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Biscuit

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Biscuit wrote:

I'n not even really a big DJ Shadow fan, but I recognise an ignorant post when I see one. I've been a huge fan of hip hop since I was 11, taping Westwood shows, saving pocket money for cds and vinyl, and someone coming along and trying to poo poo what all but the most hardcore of rap fans would say was a classic really touched a nerve.

He jumped all over the hifi choice article just to masage his ego that he knows more 'hip hop' than the jounalist

I think it only fair that I answer some of the points that have been made here, in my absence. Firstly I think it would be fair to say that the original post did not offer a critique of DJ Shadow's work, rather the fact that the journalist had written a piece which clearly attributed to that album an importance which, quite frankly, is laughable, and indicates that he probably doesn't listen toHip Hop/Rap/Electro-Funk etc.

Acynic might think that the inclusion of the album, in a forum which (as Biscuit rightly pointed out) does not often include or support Hip Hop - I would say (possibly more contentiously - this could be widened to include a great deal of soul/funk/jazz/reggae etc) -is possibly related to the recent release of a 'Special Edition' of the album with out takes and extra tracks?

It's an interesting album, but the point was does it represent a "musical milestone"? If it does, in what genre? It was for this reason that I mentioned Double Dee and Steinski, who were, of course responsible for the original 'Lessons 1,2 and 3', and Steinski who went on to make 'The Motorcade Sped On'. As Biscuit acknowledges, the 'Lessons' are even more remarkable when you consider that they were put together without the help of modern computer technology - yet they still stand as timeless examples of 'cut and paste'. It is also worth recognising the fact that Shadow has been involved in attempting to recreate 'live' some of the 'Lessons', so he clearly recognises that he is part of a tradition that stretches back. It might also be worth mentioning the work of the legendary Latin Rascals and even Ben Liebrand's 'Mastermixes'as otherprecursors to Shadow's work. Set against this context, the claim made that his album represented a "musical milestone" just doesn't hold up.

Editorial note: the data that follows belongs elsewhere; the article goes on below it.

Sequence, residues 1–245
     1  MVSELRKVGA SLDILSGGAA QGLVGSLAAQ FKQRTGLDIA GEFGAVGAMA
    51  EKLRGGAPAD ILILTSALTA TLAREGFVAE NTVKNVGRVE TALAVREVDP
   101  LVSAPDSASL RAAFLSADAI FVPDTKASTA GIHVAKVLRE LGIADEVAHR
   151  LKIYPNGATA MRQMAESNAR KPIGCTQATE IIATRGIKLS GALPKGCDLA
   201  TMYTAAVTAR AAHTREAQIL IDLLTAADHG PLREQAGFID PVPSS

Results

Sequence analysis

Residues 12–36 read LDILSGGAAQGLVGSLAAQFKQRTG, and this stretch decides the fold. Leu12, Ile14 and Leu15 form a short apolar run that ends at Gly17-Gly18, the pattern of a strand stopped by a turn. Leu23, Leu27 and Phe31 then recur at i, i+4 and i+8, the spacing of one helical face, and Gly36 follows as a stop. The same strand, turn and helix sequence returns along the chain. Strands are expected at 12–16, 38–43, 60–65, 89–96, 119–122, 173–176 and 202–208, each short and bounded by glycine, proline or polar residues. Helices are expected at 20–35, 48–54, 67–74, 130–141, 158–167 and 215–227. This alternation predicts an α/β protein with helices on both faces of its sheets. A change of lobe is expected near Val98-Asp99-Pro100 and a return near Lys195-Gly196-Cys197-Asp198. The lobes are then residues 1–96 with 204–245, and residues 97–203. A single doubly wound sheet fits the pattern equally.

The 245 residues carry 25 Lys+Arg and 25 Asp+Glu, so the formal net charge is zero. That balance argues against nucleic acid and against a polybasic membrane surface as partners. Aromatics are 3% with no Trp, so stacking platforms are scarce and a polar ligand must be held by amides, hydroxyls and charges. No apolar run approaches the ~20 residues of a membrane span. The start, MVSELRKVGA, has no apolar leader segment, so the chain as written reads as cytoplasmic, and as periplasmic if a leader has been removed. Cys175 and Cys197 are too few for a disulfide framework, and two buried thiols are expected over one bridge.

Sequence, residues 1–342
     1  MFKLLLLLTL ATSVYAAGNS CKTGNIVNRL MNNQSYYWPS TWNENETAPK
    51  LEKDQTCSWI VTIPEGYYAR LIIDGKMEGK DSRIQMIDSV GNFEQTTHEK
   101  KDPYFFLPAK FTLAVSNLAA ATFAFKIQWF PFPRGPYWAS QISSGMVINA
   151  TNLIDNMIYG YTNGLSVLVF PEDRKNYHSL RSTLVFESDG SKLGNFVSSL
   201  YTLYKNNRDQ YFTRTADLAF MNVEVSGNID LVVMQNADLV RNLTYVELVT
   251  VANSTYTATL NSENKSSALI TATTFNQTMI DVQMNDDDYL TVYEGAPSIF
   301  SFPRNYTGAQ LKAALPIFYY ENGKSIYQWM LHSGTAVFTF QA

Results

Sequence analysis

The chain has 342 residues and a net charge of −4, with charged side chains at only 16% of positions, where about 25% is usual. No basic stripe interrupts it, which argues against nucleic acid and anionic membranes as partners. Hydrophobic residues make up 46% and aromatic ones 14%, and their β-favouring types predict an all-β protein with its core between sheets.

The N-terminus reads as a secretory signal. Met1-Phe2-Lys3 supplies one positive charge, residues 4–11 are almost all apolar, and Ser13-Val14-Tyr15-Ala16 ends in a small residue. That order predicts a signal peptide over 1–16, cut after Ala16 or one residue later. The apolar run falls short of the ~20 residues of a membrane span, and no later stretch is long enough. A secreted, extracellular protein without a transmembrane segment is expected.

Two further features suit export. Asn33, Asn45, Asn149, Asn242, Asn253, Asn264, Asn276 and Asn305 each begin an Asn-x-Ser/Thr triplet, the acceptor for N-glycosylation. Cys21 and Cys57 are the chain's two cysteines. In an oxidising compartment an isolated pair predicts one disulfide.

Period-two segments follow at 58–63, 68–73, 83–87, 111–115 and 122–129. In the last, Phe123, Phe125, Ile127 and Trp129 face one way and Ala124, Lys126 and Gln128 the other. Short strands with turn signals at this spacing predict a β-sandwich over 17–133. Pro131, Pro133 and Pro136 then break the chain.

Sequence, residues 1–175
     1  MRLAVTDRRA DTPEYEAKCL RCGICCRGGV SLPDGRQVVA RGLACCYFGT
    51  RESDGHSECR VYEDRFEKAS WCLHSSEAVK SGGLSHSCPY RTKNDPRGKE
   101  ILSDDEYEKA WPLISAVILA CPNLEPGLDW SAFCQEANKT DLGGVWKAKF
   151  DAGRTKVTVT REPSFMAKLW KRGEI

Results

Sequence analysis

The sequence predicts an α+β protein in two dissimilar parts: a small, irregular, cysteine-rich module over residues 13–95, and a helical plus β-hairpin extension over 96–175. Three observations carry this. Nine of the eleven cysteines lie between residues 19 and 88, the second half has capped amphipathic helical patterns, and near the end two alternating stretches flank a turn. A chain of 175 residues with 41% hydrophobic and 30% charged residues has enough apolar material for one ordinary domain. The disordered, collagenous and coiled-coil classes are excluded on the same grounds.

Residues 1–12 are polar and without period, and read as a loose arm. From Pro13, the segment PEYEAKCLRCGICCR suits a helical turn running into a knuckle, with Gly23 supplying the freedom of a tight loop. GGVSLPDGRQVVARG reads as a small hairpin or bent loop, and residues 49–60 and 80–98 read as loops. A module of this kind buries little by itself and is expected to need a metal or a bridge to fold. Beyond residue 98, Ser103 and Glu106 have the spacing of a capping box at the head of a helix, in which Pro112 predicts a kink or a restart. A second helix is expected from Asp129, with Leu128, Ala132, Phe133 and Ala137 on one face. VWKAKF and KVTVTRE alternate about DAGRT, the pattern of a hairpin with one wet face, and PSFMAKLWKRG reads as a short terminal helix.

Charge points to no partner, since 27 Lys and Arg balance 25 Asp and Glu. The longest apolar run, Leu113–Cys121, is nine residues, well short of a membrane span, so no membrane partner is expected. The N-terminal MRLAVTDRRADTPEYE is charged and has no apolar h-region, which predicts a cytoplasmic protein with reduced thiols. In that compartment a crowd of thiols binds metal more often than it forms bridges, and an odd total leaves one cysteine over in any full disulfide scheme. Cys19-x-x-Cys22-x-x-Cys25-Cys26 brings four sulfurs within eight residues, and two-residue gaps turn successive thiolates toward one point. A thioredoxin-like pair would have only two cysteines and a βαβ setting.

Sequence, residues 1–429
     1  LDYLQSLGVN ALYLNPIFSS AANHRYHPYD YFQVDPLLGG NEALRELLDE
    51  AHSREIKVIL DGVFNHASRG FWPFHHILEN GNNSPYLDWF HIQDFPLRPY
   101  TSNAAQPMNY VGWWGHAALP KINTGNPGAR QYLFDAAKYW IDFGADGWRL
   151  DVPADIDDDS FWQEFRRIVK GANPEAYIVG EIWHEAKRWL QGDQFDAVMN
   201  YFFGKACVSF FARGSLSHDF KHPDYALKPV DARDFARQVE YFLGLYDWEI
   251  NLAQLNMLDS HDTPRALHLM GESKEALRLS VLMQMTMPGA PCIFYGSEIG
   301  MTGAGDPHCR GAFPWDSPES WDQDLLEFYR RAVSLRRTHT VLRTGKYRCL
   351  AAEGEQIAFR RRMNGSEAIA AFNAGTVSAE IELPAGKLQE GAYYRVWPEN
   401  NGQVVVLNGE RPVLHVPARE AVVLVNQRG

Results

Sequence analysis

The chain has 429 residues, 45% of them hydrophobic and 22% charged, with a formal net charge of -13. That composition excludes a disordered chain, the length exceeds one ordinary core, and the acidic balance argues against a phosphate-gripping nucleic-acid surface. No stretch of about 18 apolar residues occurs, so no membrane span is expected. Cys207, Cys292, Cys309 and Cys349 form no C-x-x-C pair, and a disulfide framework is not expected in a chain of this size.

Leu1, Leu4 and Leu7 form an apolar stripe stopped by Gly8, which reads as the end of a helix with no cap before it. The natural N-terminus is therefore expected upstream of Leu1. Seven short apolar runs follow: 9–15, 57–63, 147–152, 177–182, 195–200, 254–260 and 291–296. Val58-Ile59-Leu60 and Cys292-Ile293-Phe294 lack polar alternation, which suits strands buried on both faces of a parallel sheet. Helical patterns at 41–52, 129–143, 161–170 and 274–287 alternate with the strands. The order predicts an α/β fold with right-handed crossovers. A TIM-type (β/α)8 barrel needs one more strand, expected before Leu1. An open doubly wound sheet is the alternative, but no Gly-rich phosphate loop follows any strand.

I think the fact that the writer of the piece makes no attempt to place the record within a wider context, either 'specifically Hip Hop' or otherwise indicates that the journalist knows little about Hip Hop, most of the comments in the articleappear to be derived from the notes of the Deluxe album.Therefore I still regard my criticism as valid.

Now, regarding your love of Hip Hop. I share that. I have done since I was about 10 -and I'm in my early thirties now. I listened to Westwood, and Mike 'The Boss' Allen in London on Capital Radio during the early to mid 1980's. I still have the tapes of the shows, and can still remember hearing DJ Cheese and Word Of Mouth doing their live set. I am still buying records, hunting down the ones that as a youing kid I just didn't have the money to buy (this morning I finally received my copies of 'Techno City', Cybotron and 'Kights Of The Turntables', The Dynamic Duo Featuring ShaQuan and finally, 'Itchiban Scratch' Chris 'The Glove' Taylor.

So it is quite likely Biscuit that we have a great deal in common, except our method and tone of criticism.

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DJ Riz was the greatest DJ I ever heard, not technically, but the fact that he played so much dope music on the Westwood shows. '94 Westwood was awesome.